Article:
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What is NIPT and Why Is Everyone Talking About It: Mythbusting Non-Invasive Prenatal Testing

a local laboratory for analysis, using an NIPT test such as the IONA® test. During pregnancy, the placenta leaks DNA from the baby into the mothers bloodstream.

In January of this year, the National Screening Committee recommended a period of review to assess whether non-invasive prenatal testing (NIPT) for Down's Syndrome and other serious genetic diseases be offered to all high risk women on the NHS. This recommendation has sparked widespread debate. Naturally, with any new tests, there can be confusion.

Lately, people have been asking me a lot of questions about what this recommendation means for them. Here, I want to help to answer those questions and talk you through the facts about NIPT. At my clinic, the test we offer is called the IONA® test as we believe it is a highly effective screening test and is the first to be CE marked for quality. Mums-to-be should speak to their midwife and obstetricians about the options available to them.

First of all, how does NIPT work?

From 10 weeks gestation a small blood sample can be taken from the mother's arm and sent to a local laboratory for analysis, using an NIPT test such as the IONA® test. During pregnancy, the placenta leaks DNA from the baby into the mothers bloodstream. As a result, the mother's blood sample contains a mixture of placental and maternal DNA. This can be extracted from the mother's blood sample and genetic testing performed on the small amount of DNA present.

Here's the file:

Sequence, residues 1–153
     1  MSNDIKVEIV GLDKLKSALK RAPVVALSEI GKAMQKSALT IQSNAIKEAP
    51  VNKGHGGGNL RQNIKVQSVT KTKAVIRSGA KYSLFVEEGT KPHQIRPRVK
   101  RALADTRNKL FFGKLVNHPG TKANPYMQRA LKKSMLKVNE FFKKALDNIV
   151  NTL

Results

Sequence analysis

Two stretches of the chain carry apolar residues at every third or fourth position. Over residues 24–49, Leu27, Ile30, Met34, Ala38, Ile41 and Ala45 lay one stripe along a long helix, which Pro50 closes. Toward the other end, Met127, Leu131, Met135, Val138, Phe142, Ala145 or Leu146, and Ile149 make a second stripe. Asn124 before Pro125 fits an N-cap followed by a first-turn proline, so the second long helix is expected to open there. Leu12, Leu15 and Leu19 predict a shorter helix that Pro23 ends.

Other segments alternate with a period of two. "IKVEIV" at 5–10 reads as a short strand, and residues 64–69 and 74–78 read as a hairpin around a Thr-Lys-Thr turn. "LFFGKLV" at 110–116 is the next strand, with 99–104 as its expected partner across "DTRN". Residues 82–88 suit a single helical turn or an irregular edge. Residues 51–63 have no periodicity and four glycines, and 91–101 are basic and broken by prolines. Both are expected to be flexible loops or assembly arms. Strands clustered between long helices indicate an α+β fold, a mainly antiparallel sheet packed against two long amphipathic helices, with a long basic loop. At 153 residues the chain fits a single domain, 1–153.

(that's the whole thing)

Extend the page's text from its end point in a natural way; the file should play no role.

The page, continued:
The mum's blood sample is sent to the IONA® lab, based in Manchester, where it is analysed for Down's Syndrome and two other serious genetic diseases, Edwards' and Patau's Syndromes. Edwards' and Patau's syndrome are much rarer than Down's syndrome, but are very serious and many affected babies die before or soon after birth. NIPT is completely safe for the baby and avoids the pain, stress and the risk of miscarriage from a more invasive procedure such as amniocentesis, where a needle is inserted into the womb and amniotic fluid removed through mum's tummy. For an expectant mum, any risk is just too high, so it's fantastic we have been able to employ NIPT testing and reduce mum's stress. Also, the results come back in just under a week, which is so important during a very anxious time.

Why did the NSC recommend that NIPT be introduced?

Traditionally mothers are offered a combined test: this is an ultrasound scan combined with a blood test. This is less accurate than NIPT, only detecting about 85% of babies with Down's Syndrome. The IONA® test is also better at avoiding false positives - this is when your test result says your baby is at a high risk of having Down's syndrome, but is actually healthy. Ordinarily, women who get a high risk on their combined test will be offered a needle test. The NSC have recommended that NIPT is offered before invasive testing such as amniocentesis. Using a more accurate test means that fewer pregnant women will undergo unnecessary invasive follow-up procedures, which is big step in the right direction for mums-to-be.